Racist Caricature? In The Eyes Of The Beholder
As a professional party caricaturist and humor illustrator for over ten years, I’ve drawn at every conceivable type party event, fundraiser, and corporate venue. I actually think I’ve done more Bar Mitzvahs than the average Rabbi!
I’m taking a long time to say that over the years I’ve drawn thousands, if not millions, of faces and that’s not even counting what I’ve drawn on the subways of this city as the “Subwaysurfer” that you loyal readers are well familiar with if you follow my blog.
Caricature, by it’s very nature, exaggerates, amplifies, stretches, squashes, and liquifies the facial features of the intended target. Webster defines the word ‘caricature’ as a “loaded portrait” one that has “weight,” and “impact.”
Some people find it difficult to receive that impact. From time to time, I’ve heard the words, “THAT DOESN’T LOOK LIKE ME!”; “YOU MADE ME LOOK LIKE A WITCH!”; “MY NOSE ISN’T THAT BIG!” I’m accustomed to hearing these remarks and totally understand them. Heck, I’ve even said them myself when I was caricatured for the first time by fellow artist Kenly Dillard. My objection to the artist’s depiction was the same as most others. We all have a physical image of ourselves that we project onto the screen of our minds, and think everyone else sees the same altered image, objectively, that we see in our imagination. This altered image we project onto our mind screen is crucial to our self esteem. We see ourselves as having chiseled features, soft curves, seductive eyes, where none exist. Most artists, even some caricature artists, and illustrators, are willing, for a price, to engage people’s fantasies and draw that “imaginary image.” And then there are some who aren’t willing. I’m one of THOSE artists. At least when it comes to drawing political editorial caricature.
EDITORIAL CARICATURE AIN’T PARTY CARICATURE.
A distinction needs to be made between political editorial caricarture and party caricature. PARTY CARICATURE is drawn in 2-5 minute time frames. Which necessitates that an artist uses a streamlined approach so that the maximum number of party goers get drawn. The overall vibe is lighthearted and whimsical.
Is more illustrative. More time is given to the picture, and facial features and subtle nuances can be pushed, squashed and pulled for effect. BUT IS IT RACIST?
I’ve taken a while to get here, but wanted to set a tone for my answer. Recently, the above caricature featuring Senator Smith and Congressman Meeks has gotten a reaction out of some people, perhaps supporters; I’m unsure whether or not the politicians themselves feel this way, that my representations are racist.
I received a call from a reporter of a major Queens weekly, asking for my response to people’s responses to the picture. My reply can be summed up in my general approach to caricature. MY APPROACH TO CARTOONING CARICATURE
First, let me say that no artist has any control whatsoever of how his or her work is going to be received by the viewer. I do, however, have control over what I draw and know what my intent is.
It’s not divisive, I can tell you that. I’m an AFRICAN AMERICAN artist myself, and more than familiar with derogatory images and their power to incite, demoralize and ridicule. I did not depict anyone in Blackface, I simply amplified facial features, of an African American man. Period.
Because I am a caricature artist, I have a tendency to see things through a fun house mirror, so to speak. In other words, if you have a big forehead, it gets bigger, if you have a weak chin, it “goes into your neck,” if you have large eyes, they become saucers, and your eyelashes, wings.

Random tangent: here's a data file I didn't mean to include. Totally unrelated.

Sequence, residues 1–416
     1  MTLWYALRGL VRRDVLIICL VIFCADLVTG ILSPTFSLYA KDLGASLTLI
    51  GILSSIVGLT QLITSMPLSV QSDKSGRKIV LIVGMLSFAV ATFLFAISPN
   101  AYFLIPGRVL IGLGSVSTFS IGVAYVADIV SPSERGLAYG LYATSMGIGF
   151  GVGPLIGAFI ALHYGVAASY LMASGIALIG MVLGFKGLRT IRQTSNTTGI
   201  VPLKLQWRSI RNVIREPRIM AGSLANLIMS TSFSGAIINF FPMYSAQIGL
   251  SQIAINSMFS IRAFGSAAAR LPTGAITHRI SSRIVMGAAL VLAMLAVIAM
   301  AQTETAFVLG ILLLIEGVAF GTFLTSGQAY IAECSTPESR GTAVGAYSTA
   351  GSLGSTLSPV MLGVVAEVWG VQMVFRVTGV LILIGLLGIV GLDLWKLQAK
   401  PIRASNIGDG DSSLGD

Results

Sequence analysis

And if you have big lips, they become BIGGER.
It’s not racial; some of us Black folk have big lips.
Perhaps it’s the color, which is a darker gray than the face, which causes attention to be drawn, pun unintended, to them. In this case, I simply used a darker color to separate the lips’ color from the rest if the face. It could be argued that I could have used a lighter shade of gray, but, what’s done is done.
I’ve seen JayZ in person ... trust me, some of us do have big lips. Beautiful full lips are a known, observable physical trait of African Americans that vary in terms of shape and size.
If a person has a reaction to the way they are drawn, it might have more to do with thoughts they have internalized on what is racist and divisive. For me, I’m being objective, making an observation, caricaturing it, and drawing a picture. That’s all. Senator Smith seems to have, in my opinion, a lot of space, visually, between his nose and his top lip. It’s long, comparatively speaking, compared to what caricature artists call “the average face prototype.”
THE JOB OF EDITORIAL CARICATURE
Unlike a political columnist who can make his point in two or three paragraphs, I must make my visual point in a single panel, using the strongest images. Can I draw them humorously? Yes. Divisively? No. Keep in mind also, that the editorial artist, in some cases, acts as illustrator to the editor writing the copy. Although I have done cartoons on my own of political figures like former Congressman Anthony Weiner, in most cases I am interpreting editorial copy, and coming up with the cartoon angle that I feel expresses, visually, the overall article. I have, since coming on board at The Wave, increased the visibility of African Americans in my cartoons, many if which feature African Americans in prominent roles. I have no ax to grind. If someone thinks the ’toon is racist, it’s in the eyes of the beholder, SPEAKING OF ANTHONY WEINER ...
A past cartoon featured Anthony Weiner, following the Twitter fiasco. Weiner, a Jewish politician, is depicted with a large nose. Is that to say, I’m making a statement about Jewish People? NOPE. I’m just making fun of Weiner’s facial features. At the end of the day, as a CARICATURE cartoonist, I’m using making fun of their FACES. I’ve even made fun of mine.